In Cuba, I had the opportunity to stay in a colonial house built in 1895 by a Spaniard who migrated to La Habana. And in Paris, I was given access to photograph the Art Nouveau museum of designer Pierre Cardin, which is open to the public in Rue Royale, and housed in Maxim’s building.
The pictures of the series is now on sale at my Etsy shop Images with a story. They are available in open and limited editions.
(1) Extract from the book “Cartagena 1874-1936 (Transformación urbana y arquitectura)” by F. Javier Pérez Rojas . 1986
Maria Grazia Chiuri is the first woman to be the creative director at Dior. And we have seen the impact of her feminine vision of women since her first collection in which she included messages on the clothes like “We shall all be feminists”.
For Fall-Winter 2017-18, she continues with women empowerment, with an entire collection of blue designs that seems to be inspired from army uniforms of the early 1920s, when many nations changed the black colour of their attires to navy blue.
Christian Dior . Fall-Winter 2017-18 Campaign . Photographer: Brigitte Lacombe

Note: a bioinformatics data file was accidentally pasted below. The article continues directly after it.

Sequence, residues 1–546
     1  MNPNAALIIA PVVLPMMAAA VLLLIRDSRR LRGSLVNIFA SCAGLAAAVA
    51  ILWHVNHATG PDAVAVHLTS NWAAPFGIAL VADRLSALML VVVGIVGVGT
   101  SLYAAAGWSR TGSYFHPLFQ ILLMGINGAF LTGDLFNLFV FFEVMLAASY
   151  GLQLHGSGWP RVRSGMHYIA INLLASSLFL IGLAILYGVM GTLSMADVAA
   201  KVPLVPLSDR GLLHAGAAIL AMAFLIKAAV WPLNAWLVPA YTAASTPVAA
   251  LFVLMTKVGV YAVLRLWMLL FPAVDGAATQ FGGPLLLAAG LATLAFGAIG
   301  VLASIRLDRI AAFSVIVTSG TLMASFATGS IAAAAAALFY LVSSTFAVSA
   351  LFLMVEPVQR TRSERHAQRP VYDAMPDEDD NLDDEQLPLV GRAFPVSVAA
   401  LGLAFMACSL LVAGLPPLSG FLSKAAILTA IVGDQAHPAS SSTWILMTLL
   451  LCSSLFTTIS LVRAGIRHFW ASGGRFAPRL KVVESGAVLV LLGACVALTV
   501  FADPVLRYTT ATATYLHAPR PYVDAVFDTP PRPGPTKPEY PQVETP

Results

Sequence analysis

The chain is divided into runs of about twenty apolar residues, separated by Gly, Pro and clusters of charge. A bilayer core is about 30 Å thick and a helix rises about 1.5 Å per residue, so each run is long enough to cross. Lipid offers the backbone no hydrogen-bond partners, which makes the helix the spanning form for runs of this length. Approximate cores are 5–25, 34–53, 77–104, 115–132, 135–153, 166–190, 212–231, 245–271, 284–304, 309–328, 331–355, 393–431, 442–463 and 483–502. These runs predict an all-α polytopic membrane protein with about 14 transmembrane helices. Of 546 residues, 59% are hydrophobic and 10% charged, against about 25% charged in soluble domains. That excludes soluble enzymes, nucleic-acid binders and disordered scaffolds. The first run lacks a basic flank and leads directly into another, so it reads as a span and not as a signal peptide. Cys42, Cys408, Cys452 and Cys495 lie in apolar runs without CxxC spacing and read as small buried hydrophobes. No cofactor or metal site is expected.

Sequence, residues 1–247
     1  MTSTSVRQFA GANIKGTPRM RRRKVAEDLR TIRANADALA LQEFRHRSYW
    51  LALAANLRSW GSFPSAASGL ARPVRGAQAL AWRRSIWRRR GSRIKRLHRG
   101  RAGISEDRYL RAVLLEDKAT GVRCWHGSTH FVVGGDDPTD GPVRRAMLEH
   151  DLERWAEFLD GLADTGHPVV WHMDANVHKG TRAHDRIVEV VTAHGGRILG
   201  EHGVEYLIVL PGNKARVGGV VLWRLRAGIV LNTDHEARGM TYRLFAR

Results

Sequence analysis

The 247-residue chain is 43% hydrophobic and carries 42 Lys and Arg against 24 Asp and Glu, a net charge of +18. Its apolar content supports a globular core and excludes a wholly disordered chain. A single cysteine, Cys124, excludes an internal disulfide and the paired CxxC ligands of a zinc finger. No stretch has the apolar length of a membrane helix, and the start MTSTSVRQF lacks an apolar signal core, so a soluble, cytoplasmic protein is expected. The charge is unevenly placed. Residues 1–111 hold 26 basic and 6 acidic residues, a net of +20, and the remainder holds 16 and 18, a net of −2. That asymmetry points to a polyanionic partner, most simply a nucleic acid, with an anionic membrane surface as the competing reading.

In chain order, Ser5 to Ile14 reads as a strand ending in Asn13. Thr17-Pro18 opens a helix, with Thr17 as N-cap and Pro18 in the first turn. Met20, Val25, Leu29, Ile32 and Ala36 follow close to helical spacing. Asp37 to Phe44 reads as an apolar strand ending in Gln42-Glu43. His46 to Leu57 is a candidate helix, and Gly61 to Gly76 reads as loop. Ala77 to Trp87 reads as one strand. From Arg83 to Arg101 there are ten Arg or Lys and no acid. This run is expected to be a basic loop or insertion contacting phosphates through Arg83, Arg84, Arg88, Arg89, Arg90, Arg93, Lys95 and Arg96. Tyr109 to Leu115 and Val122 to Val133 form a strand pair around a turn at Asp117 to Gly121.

Dior has released a video of Professor Michel Pastoureau, a renowned symbolist, who speaks about the meaning of blue colour through the ages.
I actually red the book “Blue” a few years ago. I remember I enjoyed very much the experience. It was fantastic to realise how the religion and society have influenced the perception of the colour from “hate” to “love”.
"[During Roman times], blue eyes were almost a physical disgrace. It was the sign of little virtue for women, while it was considered as effeminate, barbaric or ridiculous for men." (1)
I love colours. Well, it might seem strange since I have played with a very narrow chromatic palette in my pictures for quite a few years now. But I get to learn about them and their symbolism.